Now, this may sound silly, but bear with us…
Forget the final score. While winning hardware for the first time in the club’s five year history would have made for the perfect night, it is gut wrenching to put that into context of what this piece is trying to get at.
For those in attendance, think we are all in agreement that Tuesday night’s U.S Open Cup final was perhaps the most memorable moment in Philadelphia Union history thus far at PPL Park.
Not a slight to those of you that watched this one from home, The Comcast Network did an outstanding job with its simulcast presentation of the match (in full HD, mind you) but it's hard to deny the unmistakable feeling of euphoria watching a horde of ardent Philadelphia fans getting behind the home team.
While we can’t speak for the entire organization, for those of us at curate content for philadelphiaunion.com, this game is nestled as a close second to forward Sebastien Le Toux’ three goal performance in the club’s first ever home opener against D.C. United in 2010. The events that transpired on that day were nothing short of amazing and ultimately kick started a rivalry with United that has had quite the history in its short span.
That’s another story entirely. But hey, if you want to relive that moment, here you go:
But this story is about Tuesday.
A Tuesday that saw the Union forced to deal with the agony of what it’s like to be a Philly team at the pinnacle of a major competition and come up just short.
Just like the Sixers did in 2001.
Just like the Eagles did in 2004.
Just like the Flyers did in 2010.
Just like the Phillies in 2009 -- after sending the city into rapture winning the World Series the year before.
It’s unfortunate, but gut wrenching losses have been a part of this city’s long, storied sports landscape. Only difference is that in this installment, the end result is not what matters as much as the effort exhibited by the players clad in black and white that went toe-to-toe with the League’s best team in America’s oldest soccer classic.
What both soccer aficionados and those who still feel the need to disavow the raw athleticism of soccer in the United States saw last night was soccer at its finest between two of MLS' hottest teams right now.
“I’ve never been proud anything in my life that ended in a loss before; this is the first time,” said Union interim manager I thought our guys put a ton into it, very good first half…Seattle is a great team. Seattle is the best team in our league. I thought we went toe to toe with them. We could’ve got a win there but I was proud of our group. The fan support was unbelievable. We had a packed house, which was the loudest I heard it. The stadium created a great environment for our guys.”
It was the loudest WE had ever heard it.
This reporter has covered soccer in this city for almost a decade and the atmosphere of Tuesday night’s game was one of the best. Personally, it wasn’t the pomp of pregame pyrotechnics or having this be a night match on the banks of the mighty Delaware – although both played their individual roles expertly – but more the raucous crowd of 15,256 that sang, cheered and implored the Union to continue its explosive brand of soccer that made this match unforgettable.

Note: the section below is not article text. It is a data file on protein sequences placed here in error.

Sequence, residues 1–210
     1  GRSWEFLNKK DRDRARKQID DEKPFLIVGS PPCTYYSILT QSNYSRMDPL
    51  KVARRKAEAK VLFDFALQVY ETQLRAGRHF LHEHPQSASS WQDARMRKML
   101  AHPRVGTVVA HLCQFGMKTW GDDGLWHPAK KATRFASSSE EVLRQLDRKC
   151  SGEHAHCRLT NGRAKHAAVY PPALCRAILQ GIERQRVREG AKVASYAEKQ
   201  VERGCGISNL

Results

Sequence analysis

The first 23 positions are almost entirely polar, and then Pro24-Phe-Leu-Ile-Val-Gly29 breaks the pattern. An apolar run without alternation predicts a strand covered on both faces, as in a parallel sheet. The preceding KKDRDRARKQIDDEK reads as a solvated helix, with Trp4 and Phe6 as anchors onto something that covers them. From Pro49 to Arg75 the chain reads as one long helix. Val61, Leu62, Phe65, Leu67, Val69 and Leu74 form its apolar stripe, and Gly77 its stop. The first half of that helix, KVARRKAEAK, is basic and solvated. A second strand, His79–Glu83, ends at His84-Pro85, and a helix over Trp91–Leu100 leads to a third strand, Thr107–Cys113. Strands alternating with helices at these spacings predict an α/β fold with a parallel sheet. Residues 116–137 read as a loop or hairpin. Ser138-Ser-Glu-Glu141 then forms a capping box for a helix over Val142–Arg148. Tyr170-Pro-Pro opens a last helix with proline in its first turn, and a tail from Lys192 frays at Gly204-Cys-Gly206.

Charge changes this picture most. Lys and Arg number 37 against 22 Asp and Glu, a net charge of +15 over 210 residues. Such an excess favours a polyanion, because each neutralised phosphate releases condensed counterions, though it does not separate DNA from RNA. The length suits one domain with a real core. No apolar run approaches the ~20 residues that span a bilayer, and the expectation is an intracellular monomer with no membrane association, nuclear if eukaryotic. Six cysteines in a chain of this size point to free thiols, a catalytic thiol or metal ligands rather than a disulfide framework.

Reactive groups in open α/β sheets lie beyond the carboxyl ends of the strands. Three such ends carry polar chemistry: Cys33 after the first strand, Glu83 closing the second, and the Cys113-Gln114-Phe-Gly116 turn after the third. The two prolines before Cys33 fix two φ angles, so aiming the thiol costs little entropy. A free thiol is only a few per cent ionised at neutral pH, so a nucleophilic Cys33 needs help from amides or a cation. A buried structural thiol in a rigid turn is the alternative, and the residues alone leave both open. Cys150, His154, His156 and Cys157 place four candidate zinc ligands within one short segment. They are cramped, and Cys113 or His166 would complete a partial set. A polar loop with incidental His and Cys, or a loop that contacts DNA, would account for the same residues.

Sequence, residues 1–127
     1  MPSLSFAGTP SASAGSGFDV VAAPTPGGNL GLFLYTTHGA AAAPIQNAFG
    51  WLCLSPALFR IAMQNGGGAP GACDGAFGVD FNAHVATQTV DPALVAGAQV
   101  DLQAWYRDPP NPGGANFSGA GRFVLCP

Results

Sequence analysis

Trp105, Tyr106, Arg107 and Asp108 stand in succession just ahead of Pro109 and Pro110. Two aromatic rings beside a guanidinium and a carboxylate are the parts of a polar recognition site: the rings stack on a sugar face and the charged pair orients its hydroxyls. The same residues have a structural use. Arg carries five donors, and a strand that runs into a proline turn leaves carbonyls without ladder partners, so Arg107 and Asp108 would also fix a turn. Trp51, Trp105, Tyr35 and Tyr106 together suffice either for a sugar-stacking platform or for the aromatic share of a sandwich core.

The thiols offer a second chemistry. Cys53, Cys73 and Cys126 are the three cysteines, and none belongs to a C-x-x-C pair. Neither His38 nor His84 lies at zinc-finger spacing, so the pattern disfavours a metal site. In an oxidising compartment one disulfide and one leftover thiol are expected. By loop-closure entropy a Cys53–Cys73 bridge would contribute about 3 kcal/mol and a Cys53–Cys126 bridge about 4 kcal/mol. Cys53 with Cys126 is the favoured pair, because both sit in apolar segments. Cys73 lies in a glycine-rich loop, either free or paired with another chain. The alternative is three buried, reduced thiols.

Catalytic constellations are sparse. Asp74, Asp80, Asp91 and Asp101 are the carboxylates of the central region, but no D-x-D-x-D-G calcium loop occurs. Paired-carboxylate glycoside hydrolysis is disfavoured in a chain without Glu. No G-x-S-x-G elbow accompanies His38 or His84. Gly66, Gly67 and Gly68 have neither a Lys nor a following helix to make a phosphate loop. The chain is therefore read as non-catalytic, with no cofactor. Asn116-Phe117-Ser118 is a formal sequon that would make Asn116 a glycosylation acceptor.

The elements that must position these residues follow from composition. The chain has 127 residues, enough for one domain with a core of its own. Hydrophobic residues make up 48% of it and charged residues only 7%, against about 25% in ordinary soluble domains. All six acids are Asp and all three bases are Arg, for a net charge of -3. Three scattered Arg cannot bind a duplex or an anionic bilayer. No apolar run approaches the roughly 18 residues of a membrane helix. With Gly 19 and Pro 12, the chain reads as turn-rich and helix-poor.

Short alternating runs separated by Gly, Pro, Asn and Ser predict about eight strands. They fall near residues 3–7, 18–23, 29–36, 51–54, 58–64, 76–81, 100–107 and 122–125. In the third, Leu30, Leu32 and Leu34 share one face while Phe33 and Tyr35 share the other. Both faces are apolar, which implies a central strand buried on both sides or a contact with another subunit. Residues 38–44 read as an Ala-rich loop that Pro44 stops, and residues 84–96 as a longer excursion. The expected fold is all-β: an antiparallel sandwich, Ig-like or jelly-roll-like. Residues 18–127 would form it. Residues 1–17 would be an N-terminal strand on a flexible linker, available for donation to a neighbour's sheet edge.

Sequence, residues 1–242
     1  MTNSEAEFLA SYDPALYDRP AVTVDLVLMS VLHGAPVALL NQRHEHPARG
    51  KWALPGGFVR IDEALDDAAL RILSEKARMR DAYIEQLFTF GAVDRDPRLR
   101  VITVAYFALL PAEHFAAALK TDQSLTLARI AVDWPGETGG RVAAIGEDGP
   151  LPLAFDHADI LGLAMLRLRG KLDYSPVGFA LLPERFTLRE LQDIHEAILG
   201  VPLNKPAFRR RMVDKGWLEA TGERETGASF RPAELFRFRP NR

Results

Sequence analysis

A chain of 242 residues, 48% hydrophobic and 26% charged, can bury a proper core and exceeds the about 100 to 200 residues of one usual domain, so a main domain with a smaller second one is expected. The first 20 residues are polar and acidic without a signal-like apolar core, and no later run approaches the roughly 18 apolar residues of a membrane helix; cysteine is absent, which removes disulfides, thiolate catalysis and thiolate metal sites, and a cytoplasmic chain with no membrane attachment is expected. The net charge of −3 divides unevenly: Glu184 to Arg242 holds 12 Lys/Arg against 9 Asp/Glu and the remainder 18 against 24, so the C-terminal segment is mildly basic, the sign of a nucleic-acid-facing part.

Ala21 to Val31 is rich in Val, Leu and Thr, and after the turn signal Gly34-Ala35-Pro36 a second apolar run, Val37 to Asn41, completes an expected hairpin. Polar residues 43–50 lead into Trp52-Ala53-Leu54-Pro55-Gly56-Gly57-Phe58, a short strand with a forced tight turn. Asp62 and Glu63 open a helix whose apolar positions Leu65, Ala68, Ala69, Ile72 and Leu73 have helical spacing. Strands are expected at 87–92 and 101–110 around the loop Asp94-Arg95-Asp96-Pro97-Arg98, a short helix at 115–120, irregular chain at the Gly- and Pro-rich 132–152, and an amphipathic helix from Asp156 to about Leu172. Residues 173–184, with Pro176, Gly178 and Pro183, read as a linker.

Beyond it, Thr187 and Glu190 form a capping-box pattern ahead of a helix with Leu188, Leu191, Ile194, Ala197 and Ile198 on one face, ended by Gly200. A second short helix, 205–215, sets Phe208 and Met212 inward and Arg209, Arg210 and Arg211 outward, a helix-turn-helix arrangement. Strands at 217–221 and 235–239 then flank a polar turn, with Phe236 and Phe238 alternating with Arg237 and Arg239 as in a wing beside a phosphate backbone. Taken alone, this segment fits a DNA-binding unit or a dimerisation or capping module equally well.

The love from fans across social media went deep into the night after the match and even spilled into Wednesday, showing their support for a revamped and focused collective under Curtin’s tutelage.
I wanna say thank you to all the @PhilaUnion players for a great game last night. The passion and intensity from all the players was unreal— Ben Tenaglia (@BenTangles) September 17, 2014
Just need to say..@PhilaUnion and all the awesome players, WHAT A GAME last nite!!! Place was rockin, not a favorable end, but great time— Kathie Saulr (@nursekassie) September 17, 2014
Thank you @PhilaUnion warriors for fighting last night! The Union fans are proud of their team!!— Jorge Pina (@JorgePina21) September 17, 2014
From the reverberating cry of “PHILADELPHIA...UNION” on set pieces to the electricity that followed after Maurice Edu opened the scoring with this goal, PPL Park was another poke at soccer naysayers obnoxiously reminding them that there is something significant going on at the foot of the Commodore Barry that they need to check out.
It was this rowdy collection of various walks of Philly's melting pot that inspired the Union to put forth an incredible effort, pushing the game to the maximum and ensuring that if Seattle was going to take it, it would take extra time. It was those people that came out on a schoolnight and to those that stayed up to watch 120 minutes of soccer at home to whom Curtin, a Philadelphia native himself, was most sympathetic towards postgame.
“Apologizes for letting them down; I’ll take that blame,” Curtin continued. “We deserve a trophy; we came up a bit short this time. Our guys will remember that feeling though with how close we were. They’re crushed obviously. It’s difficult but again I’ve never been a guy that’s proud of a loss. I’m the most competitive guy in the room. On the other side as a coach for the first time going through something like this, I at least understand what coaches say when they are proud of their team after a loss. Every guy left it on the field. That was a man’s game.”
In the end, yes the Union lost a chance to capture the club’s first silverware in a major tournament, but what it gained was a cemented place in Philadelphia’s sports landscape.
Which in many ways, is a win in among itself.
Where you at Tuesday’s match? What did you think? Leave a comment below.
Contact Union digital editor Kerith Gabriel at firstname.lastname@example.org